On the Brennus IRC chatroom, it came up that a few of us have received an email.

I've, since Worm started taking off, received about 20 of these things from various people. It's usually one of the following:

* "We want to make a platform specialized for online serials (possibly with an app)."

* "We want to aggregate entertainment in general/just web serials and have a one-stop shop for people to visit to find and promote the best stuff. If you do it, we'll give you publicity."

* "We want to be the next Patreon/Kickstarter, getting you the money you deserve!"

* "We're a new video game company and we want to make a video game based on your work."

I had 10+ of these guys in April/May alone, probably as students graduated/finished up for the summer, got together with classmates in the same program and decided to start their business/project.

We saw the ad from bigworldnetwork a bit ago (this was one of the serial aggregate sites) and I just wanted to bring up the topic, because I know some people might be young, naive or stupid - I know this because I was all three at one point, and if a different offer had come in at a different stage in my life, I might have grabbed for it like a drowning man grabs for a life preserver.

Just a few points. It's ultimately your decision, of course, but go into this stuff with your eyes open:

The Rights

Always find out what's going on with your intellectual property. Small publishers, big publishers, startups, con artists and assholes in general are going to try to take it from you. All it takes is for you to sign a contract that has "So-and-so hereby gives the rights to their work to _____" or something equivalent.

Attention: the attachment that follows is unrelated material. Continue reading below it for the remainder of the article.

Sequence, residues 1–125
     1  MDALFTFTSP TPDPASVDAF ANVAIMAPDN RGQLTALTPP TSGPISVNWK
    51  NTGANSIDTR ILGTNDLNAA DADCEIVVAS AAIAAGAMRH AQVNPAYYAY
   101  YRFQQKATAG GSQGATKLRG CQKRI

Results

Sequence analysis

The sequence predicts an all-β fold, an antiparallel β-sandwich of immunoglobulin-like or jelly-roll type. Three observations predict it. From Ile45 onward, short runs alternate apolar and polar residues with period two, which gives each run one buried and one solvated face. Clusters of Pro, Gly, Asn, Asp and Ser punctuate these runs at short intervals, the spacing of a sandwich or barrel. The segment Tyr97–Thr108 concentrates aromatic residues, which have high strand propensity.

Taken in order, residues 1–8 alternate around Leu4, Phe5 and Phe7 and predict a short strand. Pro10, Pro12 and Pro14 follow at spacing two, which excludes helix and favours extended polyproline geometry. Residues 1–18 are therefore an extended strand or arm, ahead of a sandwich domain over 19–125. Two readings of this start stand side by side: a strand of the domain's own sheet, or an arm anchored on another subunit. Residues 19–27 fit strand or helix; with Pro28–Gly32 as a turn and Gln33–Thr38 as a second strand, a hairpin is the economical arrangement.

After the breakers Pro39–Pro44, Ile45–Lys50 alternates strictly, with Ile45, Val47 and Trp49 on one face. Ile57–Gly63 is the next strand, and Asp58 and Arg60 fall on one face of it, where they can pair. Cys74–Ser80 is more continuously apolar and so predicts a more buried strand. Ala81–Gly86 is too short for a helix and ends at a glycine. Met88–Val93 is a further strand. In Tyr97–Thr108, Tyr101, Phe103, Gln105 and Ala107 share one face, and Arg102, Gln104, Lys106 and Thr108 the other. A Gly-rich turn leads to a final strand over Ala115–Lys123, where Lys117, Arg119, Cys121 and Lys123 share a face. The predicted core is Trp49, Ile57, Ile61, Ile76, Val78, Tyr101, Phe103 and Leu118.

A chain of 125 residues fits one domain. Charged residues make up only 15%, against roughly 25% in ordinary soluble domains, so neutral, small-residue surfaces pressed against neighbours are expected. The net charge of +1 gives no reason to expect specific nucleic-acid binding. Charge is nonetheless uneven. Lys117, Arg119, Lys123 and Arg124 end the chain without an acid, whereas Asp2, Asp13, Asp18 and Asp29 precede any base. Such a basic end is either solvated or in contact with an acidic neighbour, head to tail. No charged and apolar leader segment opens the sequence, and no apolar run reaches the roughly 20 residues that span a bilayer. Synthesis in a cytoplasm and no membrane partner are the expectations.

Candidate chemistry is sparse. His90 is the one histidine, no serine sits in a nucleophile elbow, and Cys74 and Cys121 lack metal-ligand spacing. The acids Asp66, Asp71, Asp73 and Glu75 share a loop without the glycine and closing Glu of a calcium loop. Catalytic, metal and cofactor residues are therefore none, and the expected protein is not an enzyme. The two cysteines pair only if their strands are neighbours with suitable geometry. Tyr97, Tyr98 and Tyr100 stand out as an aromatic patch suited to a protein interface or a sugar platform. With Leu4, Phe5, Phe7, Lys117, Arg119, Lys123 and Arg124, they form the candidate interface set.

What does this mean? If I were to sign away the rights to Worm, Worm would no longer be my story. It would be the publisher's/startup's. If HBO decided to do a Worm TV series, they'd reach out to the person with the rights - the publisher, and the publisher would negotiate the deal. It's very possible to wind up in a situation where you sign away the rights to your work, it takes off, and you make a pittance for it. Kurt Vonnegut sold his work to a publisher who put it in those crummy magazine stands in gas stations. To make something of it, he had to buy the rights back and then reach out to another publisher.

He was lucky. Before you sign anything or jump on board with something, find out about the rights. Ask about exclusivity (can you continue blogging your serial through other channels) vs. being locked in (in exchange for the promotion/whatever, you must only publish in this way or via this channel). If you're writing for something like BigWorldNetwork, which (IIRC) offers a small amount of pay for publishing via. their channel, figure out if you're locked into certain word counts or formats, what you are and aren't allowed to do.